Tragedy in Virginia
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Local artists pay tribute
to victims of massacre

Ruby Pearl, a 58-year-old painter from Brookline, chose a candid snapshot to guide her portrait of Rachael Elizabeth Hill, an 18-year-old freshman killed in the spring in the Virginia Tech shootings. Pearl's portrait of Hill was one of 32 portraits on display in the backyard of a Newton home in a poignant tribute to the victims of the massacre, the deadliest mass shooting in the country's history. (Boston Globe, 8/27/07)

Virginia Tech to offer $7.5m
to massacre victims, families

Virginia Tech will offer the families of the 32 students and faculty members slain by Seung-Hui Cho a one-time payment of up to $180,000 from a fund used to solicit private donations in the weeks following the April 16 massacre, the administrator of the Hokie Spirit Memorial Fund announced yesterday. (Boston Globe, 8/16/07)

Campus police renew
call to carry arms

Campus police at several Boston-area colleges are renewing calls to be allowed to carry arms in the aftermath of the Virginia Tech shootings. (Boston Globe, 4/28/07)

Police response timeline
at Virginia Tech examined

The bloodbath lasted nine minutes -- enough time for Seung-Hui Cho to unleash 170 rounds from his two pistols, or about one shot every three seconds. (Boston Globe, 4/26/07)
the victims
Message Board Post a tribute
Sophomore from Saugus called funny and flirtatious
R.I. native had 'lots to give the world'
Daniel O'Neil; Lincoln, R.I.
O'Neil liked to serenade friends at college with what one called "subversive folk music."

Classes resume at Virginia Tech

A group of Virginia Tech students carried 33 white flags representing the victims of the deadliest shooting rampage in US history and the gunman responsible, as classes resumed a week after the massacre. (Boston Globe, 4/24/07)
 Colleges seek text-message alert system
 JOHN SILBER: Impossible to shield all tragedy

Grieving students return to campus

Still grieving and increasingly wary of the media spotlight, Virginia Tech students returned to their campus yesterday, preparing to salvage the final weeks of a semester eclipsed by violence. (Boston Globe, 4/23/07)
 Congress hesitant on legislation
 JAMES CARROLL: The two types of violence

Killer may have bought on eBay

An eBay account that investigators believe may have belonged to the Virginia Tech killer was used to buy two ammunition clips for the type of gun used in the rampage, according to the auction site. (Boston Globe, 4/22/07)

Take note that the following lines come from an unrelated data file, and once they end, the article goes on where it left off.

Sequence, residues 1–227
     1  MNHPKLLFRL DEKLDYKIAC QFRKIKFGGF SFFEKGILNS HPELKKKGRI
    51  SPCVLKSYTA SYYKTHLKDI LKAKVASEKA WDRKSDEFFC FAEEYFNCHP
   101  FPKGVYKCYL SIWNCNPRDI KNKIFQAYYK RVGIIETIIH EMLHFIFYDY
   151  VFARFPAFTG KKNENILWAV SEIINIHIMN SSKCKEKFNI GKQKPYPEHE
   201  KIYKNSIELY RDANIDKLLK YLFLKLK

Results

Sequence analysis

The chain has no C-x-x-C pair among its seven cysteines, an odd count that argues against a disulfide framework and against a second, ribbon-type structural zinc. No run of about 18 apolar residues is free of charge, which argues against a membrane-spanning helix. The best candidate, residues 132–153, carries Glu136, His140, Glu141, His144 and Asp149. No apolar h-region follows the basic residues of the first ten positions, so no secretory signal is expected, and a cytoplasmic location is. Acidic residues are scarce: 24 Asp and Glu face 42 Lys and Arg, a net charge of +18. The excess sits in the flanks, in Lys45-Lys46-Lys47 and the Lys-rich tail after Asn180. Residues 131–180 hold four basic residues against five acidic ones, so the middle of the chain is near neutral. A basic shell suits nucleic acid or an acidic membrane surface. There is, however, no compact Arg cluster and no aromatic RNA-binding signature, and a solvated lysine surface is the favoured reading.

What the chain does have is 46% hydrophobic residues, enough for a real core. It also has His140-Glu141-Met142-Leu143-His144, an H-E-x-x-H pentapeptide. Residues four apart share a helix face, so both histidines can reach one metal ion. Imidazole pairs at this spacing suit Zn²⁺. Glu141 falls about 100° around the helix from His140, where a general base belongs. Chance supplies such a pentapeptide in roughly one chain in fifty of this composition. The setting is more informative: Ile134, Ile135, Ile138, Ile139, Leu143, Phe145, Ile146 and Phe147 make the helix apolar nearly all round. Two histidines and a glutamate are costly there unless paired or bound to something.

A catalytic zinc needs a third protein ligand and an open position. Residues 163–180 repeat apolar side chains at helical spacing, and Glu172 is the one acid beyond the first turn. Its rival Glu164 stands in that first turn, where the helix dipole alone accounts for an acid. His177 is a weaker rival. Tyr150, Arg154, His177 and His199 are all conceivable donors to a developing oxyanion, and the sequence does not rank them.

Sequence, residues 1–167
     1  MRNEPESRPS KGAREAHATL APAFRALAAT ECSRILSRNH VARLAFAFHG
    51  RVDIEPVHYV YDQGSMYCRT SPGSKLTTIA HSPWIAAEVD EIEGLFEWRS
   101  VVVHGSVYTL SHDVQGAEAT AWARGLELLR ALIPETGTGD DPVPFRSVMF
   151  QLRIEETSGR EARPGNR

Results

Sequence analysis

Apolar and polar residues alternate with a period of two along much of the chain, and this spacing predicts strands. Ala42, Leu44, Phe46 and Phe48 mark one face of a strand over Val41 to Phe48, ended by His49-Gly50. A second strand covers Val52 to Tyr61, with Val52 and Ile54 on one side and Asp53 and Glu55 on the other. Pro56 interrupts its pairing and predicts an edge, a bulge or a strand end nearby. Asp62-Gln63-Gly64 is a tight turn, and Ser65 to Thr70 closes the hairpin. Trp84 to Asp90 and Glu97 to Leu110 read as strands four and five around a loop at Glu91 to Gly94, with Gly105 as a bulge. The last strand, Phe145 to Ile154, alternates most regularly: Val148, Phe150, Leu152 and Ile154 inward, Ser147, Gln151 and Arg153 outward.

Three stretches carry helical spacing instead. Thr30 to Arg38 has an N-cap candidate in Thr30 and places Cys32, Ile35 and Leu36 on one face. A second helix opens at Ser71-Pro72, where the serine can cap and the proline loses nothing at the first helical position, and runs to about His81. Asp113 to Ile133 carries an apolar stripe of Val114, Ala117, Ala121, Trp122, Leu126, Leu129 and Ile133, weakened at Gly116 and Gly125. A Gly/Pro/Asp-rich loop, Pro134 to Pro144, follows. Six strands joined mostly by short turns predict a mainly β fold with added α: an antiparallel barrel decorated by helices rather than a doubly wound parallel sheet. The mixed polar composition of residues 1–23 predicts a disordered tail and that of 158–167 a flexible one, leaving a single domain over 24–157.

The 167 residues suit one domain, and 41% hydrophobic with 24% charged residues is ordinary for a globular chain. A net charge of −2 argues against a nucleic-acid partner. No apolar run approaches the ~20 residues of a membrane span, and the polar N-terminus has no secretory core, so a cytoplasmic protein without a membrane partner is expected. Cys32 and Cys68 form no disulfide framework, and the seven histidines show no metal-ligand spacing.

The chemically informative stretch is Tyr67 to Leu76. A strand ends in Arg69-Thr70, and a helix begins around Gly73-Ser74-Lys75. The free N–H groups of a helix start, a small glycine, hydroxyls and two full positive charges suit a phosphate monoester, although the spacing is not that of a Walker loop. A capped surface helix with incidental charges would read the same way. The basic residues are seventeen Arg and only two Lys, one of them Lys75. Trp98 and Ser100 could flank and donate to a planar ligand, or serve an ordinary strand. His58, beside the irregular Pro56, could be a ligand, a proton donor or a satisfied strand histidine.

JACOBY: A time for tears, not politics

At colleges, bells sound a shared grief

Hundreds crowded Northeastern University's Centennial Common as the sound of church bells tolling from across the city echoed in the distance. It was noon, and the campus, like campuses across the nation yesterday, grew silent. (Boston Globe, 4/21/07)

Schools examine old, new warning options

Massachusetts public colleges, like their private and public counterparts around the nation, are mulling trying automated text messages, 1950s-style air raid sirens, and a variety of other techniques to warn students and faculty of campuswide emergencies. (Boston Globe, 4/20/07)

NBC airs video sent by shooter

Between his two attacks, the gunman responsible for the Virginia Tech shooting spree mailed menacing photos and disturbing video footage of himself to NBC News in New York. (Boston Globe, 4/19/07)
 Decision to air video brings controversy
Video AP | NBC: Video excerpts of the rant
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School says its options were few

After a turbulent four-month period in 2005, Seung-Hui Cho, never again appeared on the radar screen of Virginia Tech counselors or administrators -- despite continued faculty complaints about Cho's behavior -- until Monday, when the 23-year-old student killed 32 people and then himself. (Boston Globe, 4/19/07)

Gunman identified in rampage

Virginia Tech campus police and FBI agents confirmed the identity of the young man who was responsible -- an English major whose dark writings led one professor to refer him for psychological counseling. (Boston Globe, 4/18/07)
 NEW YORK TIMES: Delay is linked to bad lead

'The worst thing I've ever seen'

As students and faculty struggled to understand why one of the worst mass shootings in US history took place on their campus, police, FBI agents and authorities at Virginia Polytechnic Institute last night focused on the identity and motives of a young man who apparently opened fire inside a dormitory and several classrooms, killing 32 people before committing suicide. (Boston Globe, 4/17/07)